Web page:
Invasive species of aquatic plants and animals enter the U.S. daily without detection. They come from Europe, Asia and South America; stowed away deep in the bilges of large seagoing vessels. Once they arrive at U.S. ports they quickly invade to turn native aquatic plants and animals into endangered species. They cost billions in damage to commercial and recreational industries. The U.S. Fish and Wildlife Service officially calls them aquatic nuisance species (ANS) and considers their threat so ominous, an ANS task force of hundreds of federal, state, and municipal agencies has been mobilized to stop alien species by adding new steps to clean boating practices. A new form of border control helps water recreation enthusiasts clean up their act to avoid spreading ANS infestations.
Alien Species are Sinister Stowaways
Aquatic invasive species have stowed away to U.S. shores on ships from around the world since the 1800s and have now spread to over 40 states. As large merchant and cruise ships dock in U.S. harbors for refueling purposes, they drain bilge tanks, used to maintain a vessel’s stability as fuel is expended. Bilge water containing aquatic species from foreign countries is deposited into freshwater harbors, like that of the Great Lakes Region, where organisms colonize on boat hulls, engines, and submerged structures, wreaking havoc on natural waterways and delicate ecosystems. Although ANS are linked to harmful virus and bacteria that infest fish and shellfish populations marketed to consumers, they don’t directly impact human health. For many invasive species, humans are their only enemy.
Exotic Species Have Few Natural Enemies in U.S. Lakes and Rivers
Among the list of aquatic invaders are species right out of science fiction: Sea Lampreys that attach to fish and suck out bodily fluids, microscopic larvae of the Zebra and Quagga mussel that threaten water treatment operations at nuclear power plants, snails from New Zealand, round gobies from the Caspian Sea, Asian swamp eels, and a host of aquatic flora and fauna from exotic regions around the globe. Populations of more than 57 new species have been introduced to the Great Lakes Region alone since the opening of the St. Lawrence Seaway in 1959, promoting a $400 million effort to combat ANS infestations in the Great Lakes each year. The invaders vary in shape in size, but all have one thing in common – they have few natural enemies in U.S. waters.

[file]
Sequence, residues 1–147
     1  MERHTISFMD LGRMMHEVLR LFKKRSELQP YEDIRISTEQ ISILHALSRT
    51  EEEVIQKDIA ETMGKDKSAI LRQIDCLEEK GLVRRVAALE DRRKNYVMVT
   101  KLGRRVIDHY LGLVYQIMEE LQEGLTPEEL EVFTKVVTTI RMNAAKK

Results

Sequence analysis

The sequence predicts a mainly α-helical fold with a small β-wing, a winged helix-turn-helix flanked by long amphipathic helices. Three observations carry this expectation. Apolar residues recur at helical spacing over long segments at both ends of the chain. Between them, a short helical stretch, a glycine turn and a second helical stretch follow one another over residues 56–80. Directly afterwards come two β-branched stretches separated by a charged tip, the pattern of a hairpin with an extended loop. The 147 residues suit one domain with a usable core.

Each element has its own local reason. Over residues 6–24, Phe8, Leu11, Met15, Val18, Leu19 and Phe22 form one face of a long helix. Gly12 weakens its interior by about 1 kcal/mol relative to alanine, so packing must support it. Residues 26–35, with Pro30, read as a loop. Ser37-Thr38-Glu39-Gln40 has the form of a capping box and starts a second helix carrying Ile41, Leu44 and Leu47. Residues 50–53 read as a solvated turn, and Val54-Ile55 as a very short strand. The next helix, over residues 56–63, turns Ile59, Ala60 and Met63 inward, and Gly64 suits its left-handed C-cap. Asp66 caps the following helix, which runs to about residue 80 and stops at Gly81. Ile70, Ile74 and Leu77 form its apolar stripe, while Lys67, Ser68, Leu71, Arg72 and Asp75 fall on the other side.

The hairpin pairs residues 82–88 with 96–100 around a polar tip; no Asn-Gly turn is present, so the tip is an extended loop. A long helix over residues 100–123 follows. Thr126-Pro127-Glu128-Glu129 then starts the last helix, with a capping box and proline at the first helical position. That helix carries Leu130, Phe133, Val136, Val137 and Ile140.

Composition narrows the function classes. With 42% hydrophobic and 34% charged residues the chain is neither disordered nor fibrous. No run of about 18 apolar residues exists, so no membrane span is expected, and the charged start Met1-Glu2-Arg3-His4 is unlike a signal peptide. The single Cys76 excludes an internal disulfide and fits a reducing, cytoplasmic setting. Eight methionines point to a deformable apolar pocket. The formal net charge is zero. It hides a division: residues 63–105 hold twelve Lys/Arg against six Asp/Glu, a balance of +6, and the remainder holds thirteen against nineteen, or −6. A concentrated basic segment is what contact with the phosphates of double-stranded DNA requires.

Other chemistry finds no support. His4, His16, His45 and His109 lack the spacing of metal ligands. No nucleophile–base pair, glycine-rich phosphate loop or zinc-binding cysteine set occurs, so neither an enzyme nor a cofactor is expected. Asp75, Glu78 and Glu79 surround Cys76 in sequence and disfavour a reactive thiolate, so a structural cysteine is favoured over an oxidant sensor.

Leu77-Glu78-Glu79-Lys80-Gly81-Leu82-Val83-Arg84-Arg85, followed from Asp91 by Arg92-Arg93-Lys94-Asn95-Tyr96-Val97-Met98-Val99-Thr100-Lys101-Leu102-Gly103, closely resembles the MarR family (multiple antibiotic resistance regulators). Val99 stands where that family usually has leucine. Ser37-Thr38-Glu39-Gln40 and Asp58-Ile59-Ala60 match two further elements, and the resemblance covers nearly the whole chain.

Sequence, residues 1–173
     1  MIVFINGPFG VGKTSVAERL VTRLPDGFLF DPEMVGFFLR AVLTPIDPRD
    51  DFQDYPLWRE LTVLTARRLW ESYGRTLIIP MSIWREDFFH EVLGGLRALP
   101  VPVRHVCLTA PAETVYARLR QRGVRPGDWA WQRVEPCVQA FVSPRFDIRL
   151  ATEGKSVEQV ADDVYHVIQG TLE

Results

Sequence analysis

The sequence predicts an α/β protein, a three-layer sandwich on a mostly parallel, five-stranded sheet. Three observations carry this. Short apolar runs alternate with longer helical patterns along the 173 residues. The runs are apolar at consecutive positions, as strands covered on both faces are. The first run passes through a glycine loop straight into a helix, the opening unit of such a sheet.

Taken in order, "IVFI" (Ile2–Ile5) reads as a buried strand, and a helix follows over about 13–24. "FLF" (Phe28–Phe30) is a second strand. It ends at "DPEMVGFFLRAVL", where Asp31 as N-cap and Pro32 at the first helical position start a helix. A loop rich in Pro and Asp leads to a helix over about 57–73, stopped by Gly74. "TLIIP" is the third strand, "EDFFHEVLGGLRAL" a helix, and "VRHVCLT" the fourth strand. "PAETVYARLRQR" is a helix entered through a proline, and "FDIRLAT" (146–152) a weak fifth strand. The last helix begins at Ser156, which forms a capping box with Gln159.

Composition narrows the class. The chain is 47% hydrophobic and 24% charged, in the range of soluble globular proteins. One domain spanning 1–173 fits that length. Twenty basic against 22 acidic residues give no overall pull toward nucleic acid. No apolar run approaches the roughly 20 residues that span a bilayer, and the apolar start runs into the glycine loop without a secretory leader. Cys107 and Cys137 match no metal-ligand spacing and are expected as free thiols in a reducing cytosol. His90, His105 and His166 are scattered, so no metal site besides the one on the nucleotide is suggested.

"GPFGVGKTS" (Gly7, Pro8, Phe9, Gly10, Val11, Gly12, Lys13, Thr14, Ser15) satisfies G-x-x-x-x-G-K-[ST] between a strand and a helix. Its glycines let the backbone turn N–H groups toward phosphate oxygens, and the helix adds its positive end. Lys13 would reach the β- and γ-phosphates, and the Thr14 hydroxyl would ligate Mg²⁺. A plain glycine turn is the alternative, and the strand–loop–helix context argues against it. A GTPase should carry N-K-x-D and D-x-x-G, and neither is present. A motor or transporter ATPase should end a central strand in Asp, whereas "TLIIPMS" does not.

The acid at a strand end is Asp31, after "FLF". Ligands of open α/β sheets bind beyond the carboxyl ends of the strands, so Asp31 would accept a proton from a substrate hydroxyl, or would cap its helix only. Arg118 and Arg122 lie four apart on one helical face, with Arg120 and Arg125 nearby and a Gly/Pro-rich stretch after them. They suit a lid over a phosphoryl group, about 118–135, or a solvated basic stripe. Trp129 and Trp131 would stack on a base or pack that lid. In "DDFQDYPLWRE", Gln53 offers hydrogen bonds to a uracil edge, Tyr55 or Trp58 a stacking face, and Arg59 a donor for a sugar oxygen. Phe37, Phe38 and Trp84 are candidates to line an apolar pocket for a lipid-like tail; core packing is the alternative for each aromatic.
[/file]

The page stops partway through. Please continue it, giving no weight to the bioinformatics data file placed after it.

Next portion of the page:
Ballast Treatment Standards Set
A new ballast water treatment rule (August 28, 2009) enforced by the U.S. Coast Guard on freighters entering the St. Lawrence Seaway sets standards that may not be fully met until 2031, according to Andy Buschbaum, executive director of the Great Lakes Natural Resource Center. The ruling, he says, “is like giving a patient a powerful medicine, but only after he’s dead.”
Spread by a Pair of Sandals
Once non-native aquatic species enter lakes and rivers, even the most environmentally conscious person can unwittingly spread them from lake to lake on the oar of a canoe, the hull of a kayak, or a pair of sandals. But according to the ANS task force, preventive measures taken by individuals can make an immediate impact on the spread of non-native species. Boat owners, seaplane pilots, jet-ski enthusiasts, sport fishermen, hikers, and just about anyone who moves from one body of water to another can use preventive measures to curb the spread of ANS.
Tips for Cleaning Watercraft
Prevention starts the moment watercraft are pulled out of a body of water:
- Immediately clean away visible animal, fish, plant material and mud from every part of the vessel exposed to water.
- Expel all water from vessel while still on site before moving away from lakes or rivers.
- Clean and dry any object that contacted water including personal clothing, shoes, life vests, as well as pets.
- Seaplane and pleasure boat owners must be careful to inspect all surfaces, as plant material can be caught in outboard motor blades, trailers,rigging and floats.
- Release fish, plants or animals back into water from whence they came. Never transport to a new body of water.
Recreational watercraft may not be the original cause of infestations of aquatic invasive species, but keeping boats, seaplanes and other watercraft clean is key to keeping U.S. waters free of unwanted and damaging inhabitants.